We fully expect that 2018 will continue in the same way and one of the great things for Paddy and me is to see the individuals within the Firm develop their own strengths and abilities. I think 2018 and onwards will be an interesting time for Licensing in the UK. The Mayor of London has repeatedly stated his desire for London to be more of a 24/7 City in terms of its appeal to the leisure market, and yet this is completely against Westminster’s own policy and the cumulative impact areas which create the presumption that no more licences will be granted.
Other areas of London, such as South Bank, Southwark and Shoreditch have seen wonderfully innovative licensed premises open up and there are some within Westminster who will be looking at these developments and perhaps hoping that some of these developments can come into Westminster. That will be extremely difficult given the current policy and of course, this principle applies not just to Westminster but to other major cities with cumulative impact areas. A great deal of my work is in Westminster and around the Leicester Square areas and we have seen a large number of late night clubs close down in the last 10 years, which have not been replaced by similar venues. I wonder if now is the time to look at the principle of cumulative impact/stress areas and have a rethink. This is not to say that it should be an open page for all new licences to be granted. The Licensing Act 2003 maintains the principle that all applications should promote the licensing objectives and even in areas in which there is no cumulative impact policy, applications can be refused if relevant negative evidence is brought to the attention of the Licensing Committee.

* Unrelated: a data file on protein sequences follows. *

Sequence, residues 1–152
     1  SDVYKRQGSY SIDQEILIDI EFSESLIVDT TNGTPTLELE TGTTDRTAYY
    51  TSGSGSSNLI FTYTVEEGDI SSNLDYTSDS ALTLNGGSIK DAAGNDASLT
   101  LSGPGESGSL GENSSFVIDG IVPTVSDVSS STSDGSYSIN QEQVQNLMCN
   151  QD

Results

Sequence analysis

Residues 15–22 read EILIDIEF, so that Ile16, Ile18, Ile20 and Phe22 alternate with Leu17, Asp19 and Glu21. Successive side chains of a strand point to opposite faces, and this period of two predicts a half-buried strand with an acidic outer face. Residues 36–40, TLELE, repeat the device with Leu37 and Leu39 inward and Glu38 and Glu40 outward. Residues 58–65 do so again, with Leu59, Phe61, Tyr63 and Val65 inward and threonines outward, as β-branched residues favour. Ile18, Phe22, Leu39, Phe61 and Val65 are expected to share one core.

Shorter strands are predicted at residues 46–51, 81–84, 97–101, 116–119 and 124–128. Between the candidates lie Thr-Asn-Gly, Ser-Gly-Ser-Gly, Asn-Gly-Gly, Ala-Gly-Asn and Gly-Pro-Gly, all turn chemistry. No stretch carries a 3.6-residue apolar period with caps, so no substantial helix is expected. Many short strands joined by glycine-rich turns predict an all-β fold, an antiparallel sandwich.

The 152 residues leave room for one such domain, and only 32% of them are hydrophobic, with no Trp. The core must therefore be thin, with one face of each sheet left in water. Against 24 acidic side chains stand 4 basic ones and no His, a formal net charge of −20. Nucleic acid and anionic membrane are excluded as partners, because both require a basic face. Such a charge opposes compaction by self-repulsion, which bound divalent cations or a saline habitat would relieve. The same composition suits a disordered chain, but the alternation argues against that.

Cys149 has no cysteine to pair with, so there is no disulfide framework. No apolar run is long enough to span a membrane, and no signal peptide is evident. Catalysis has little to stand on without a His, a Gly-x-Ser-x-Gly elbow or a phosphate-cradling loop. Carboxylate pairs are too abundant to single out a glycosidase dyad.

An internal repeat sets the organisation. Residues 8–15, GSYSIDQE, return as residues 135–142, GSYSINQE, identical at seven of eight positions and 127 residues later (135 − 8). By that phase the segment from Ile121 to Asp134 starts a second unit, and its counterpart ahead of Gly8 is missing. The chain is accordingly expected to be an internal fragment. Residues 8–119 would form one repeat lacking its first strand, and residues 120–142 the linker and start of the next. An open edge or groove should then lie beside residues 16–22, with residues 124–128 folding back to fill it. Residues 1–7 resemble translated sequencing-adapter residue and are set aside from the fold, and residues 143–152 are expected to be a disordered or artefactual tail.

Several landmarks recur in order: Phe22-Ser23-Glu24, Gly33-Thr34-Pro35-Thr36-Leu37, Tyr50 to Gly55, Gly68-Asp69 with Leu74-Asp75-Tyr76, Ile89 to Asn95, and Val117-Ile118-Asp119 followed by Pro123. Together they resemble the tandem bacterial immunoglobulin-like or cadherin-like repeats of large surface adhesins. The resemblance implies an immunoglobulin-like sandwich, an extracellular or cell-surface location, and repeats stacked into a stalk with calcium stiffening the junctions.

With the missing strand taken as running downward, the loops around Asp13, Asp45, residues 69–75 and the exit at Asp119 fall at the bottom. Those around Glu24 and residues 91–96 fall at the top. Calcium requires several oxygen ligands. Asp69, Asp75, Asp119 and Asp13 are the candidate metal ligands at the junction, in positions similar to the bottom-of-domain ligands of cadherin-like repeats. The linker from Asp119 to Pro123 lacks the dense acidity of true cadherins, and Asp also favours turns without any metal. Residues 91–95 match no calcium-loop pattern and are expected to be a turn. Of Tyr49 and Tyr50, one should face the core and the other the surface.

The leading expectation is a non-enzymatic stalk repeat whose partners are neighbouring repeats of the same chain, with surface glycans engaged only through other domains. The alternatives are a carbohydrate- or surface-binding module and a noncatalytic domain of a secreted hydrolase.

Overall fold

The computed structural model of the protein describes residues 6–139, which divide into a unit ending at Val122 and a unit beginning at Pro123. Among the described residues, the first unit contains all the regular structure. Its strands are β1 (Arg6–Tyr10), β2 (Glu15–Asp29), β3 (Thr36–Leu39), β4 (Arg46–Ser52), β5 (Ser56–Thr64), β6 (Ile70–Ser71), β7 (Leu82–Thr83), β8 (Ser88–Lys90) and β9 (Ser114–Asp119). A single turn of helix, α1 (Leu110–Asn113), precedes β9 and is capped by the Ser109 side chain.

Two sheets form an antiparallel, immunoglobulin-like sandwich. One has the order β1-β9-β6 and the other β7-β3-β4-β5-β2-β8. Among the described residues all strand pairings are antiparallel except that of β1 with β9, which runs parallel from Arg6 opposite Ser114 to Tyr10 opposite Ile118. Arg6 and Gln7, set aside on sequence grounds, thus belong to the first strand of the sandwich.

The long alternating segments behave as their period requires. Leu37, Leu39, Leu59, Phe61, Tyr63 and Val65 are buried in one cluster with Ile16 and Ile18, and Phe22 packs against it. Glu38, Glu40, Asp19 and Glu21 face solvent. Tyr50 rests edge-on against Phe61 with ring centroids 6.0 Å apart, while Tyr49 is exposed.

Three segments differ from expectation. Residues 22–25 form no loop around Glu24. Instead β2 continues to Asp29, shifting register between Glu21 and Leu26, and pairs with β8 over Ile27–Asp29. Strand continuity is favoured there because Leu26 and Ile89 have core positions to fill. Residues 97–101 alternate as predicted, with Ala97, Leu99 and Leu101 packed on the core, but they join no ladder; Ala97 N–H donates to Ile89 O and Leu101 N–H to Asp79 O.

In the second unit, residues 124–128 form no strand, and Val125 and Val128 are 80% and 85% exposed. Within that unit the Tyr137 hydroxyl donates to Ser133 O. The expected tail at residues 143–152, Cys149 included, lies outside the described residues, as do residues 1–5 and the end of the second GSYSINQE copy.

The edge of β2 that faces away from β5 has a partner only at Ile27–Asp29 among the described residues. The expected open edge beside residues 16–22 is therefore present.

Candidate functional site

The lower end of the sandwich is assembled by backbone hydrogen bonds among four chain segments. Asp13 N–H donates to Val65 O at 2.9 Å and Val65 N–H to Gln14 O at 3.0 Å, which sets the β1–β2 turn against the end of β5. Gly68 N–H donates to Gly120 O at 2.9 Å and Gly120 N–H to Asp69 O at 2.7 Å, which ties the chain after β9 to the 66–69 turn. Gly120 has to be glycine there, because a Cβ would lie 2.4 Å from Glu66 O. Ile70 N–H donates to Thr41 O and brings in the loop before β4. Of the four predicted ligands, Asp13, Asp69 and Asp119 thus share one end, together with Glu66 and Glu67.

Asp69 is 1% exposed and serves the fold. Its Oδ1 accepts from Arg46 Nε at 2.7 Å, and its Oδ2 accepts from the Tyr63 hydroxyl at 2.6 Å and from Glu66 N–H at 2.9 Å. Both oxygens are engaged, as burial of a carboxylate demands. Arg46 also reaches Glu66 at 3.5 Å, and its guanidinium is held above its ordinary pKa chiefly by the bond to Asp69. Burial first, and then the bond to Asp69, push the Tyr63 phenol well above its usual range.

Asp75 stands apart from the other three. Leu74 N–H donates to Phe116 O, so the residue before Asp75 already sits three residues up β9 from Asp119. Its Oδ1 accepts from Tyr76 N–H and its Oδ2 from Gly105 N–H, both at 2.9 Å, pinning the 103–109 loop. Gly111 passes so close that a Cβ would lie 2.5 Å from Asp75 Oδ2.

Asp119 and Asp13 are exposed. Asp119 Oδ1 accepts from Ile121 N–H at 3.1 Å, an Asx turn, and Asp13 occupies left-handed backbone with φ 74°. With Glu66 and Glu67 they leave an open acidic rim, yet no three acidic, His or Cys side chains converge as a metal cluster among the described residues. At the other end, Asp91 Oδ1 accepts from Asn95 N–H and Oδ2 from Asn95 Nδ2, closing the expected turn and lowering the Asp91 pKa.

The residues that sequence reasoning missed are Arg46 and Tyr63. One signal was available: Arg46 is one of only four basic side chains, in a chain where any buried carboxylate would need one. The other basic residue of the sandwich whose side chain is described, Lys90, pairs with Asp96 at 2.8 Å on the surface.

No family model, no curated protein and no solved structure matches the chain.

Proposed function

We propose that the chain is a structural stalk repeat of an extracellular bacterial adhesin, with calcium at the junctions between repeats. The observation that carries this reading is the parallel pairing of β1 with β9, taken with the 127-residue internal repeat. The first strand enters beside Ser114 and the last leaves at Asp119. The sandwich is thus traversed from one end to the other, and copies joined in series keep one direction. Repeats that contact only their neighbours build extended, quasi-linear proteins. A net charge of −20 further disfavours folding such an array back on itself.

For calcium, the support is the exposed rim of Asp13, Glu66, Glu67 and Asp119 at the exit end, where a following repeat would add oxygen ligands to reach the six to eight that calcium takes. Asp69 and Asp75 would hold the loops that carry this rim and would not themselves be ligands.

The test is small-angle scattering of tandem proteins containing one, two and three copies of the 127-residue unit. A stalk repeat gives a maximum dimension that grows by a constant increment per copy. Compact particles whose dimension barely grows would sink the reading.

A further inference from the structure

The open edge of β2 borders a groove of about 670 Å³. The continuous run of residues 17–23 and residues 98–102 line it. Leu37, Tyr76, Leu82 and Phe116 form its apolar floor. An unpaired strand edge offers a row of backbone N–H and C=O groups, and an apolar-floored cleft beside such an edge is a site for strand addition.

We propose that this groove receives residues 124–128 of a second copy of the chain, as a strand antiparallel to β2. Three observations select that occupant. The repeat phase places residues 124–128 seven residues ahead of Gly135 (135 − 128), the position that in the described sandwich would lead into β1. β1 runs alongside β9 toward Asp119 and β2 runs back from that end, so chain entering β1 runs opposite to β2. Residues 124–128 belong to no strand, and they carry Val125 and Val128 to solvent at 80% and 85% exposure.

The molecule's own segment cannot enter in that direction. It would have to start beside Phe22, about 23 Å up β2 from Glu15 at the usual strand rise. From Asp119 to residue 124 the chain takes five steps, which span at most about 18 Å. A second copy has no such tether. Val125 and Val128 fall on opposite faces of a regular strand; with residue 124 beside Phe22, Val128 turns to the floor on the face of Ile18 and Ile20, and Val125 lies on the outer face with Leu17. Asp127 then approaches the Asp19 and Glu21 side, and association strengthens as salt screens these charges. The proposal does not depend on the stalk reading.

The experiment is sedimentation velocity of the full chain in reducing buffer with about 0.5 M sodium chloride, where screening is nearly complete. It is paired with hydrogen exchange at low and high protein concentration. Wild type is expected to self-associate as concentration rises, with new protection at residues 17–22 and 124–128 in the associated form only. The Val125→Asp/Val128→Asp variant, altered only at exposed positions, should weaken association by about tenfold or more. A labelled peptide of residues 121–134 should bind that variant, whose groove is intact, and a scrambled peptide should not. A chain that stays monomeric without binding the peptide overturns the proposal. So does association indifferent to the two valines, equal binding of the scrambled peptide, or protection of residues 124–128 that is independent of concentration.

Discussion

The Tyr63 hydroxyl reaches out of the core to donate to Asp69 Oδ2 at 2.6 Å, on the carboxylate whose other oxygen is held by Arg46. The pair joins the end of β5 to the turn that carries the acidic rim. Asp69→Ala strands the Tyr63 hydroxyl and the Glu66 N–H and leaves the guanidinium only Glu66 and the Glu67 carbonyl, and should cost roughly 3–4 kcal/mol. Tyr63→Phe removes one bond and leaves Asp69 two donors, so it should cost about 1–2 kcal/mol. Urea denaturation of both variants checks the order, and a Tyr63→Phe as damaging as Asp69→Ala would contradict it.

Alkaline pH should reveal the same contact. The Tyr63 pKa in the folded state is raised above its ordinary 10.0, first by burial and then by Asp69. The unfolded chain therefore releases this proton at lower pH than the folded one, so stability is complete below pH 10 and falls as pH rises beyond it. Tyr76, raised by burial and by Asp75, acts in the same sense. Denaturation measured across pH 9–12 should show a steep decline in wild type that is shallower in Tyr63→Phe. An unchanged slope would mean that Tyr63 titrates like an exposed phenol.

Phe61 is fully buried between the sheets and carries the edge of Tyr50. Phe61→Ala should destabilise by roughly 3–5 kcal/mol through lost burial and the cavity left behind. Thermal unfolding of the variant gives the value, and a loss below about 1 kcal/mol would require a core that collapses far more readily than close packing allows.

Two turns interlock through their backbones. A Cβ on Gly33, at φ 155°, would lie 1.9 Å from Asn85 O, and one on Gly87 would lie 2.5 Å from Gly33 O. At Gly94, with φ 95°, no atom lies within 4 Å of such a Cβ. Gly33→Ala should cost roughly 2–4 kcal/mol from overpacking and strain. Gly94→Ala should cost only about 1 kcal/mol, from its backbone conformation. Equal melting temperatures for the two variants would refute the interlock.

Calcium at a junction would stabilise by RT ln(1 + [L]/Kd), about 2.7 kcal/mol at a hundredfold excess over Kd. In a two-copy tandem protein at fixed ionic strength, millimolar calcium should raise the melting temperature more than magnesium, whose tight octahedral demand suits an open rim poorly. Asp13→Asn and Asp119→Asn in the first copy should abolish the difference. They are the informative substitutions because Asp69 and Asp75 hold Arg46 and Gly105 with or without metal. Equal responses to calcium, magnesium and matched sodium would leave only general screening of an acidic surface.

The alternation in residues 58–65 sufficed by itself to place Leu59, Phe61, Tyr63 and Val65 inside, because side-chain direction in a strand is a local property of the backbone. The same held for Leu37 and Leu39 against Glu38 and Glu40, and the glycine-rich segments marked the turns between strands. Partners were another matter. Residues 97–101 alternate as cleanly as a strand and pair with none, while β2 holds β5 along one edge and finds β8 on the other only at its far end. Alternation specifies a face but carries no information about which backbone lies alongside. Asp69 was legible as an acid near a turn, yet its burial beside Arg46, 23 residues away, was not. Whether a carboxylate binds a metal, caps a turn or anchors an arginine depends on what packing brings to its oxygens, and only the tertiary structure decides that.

The lack of a cumulative impact area gives the Licensing Committee more discretion but does not in my view necessarily create a free for all. I have also long been of the view that, if cumulative impact areas were introduced in November 2005 due to the number of licensed premises in an area, then surely it is appropriate to now look at the number of licensed premises currently in place and to see how that compares to 2005. If the UK is to continue to be a major player in the European leisure market, then maybe it is time for a reassessment. How can these new concepts and ideas open up if there is a policy of no more licences except in exceptional circumstances?
I would like to wish everybody, on behalf of Woods Whur, a very happy Christmas and New Year and we hope that 2018 is a happy and successful time for everyone..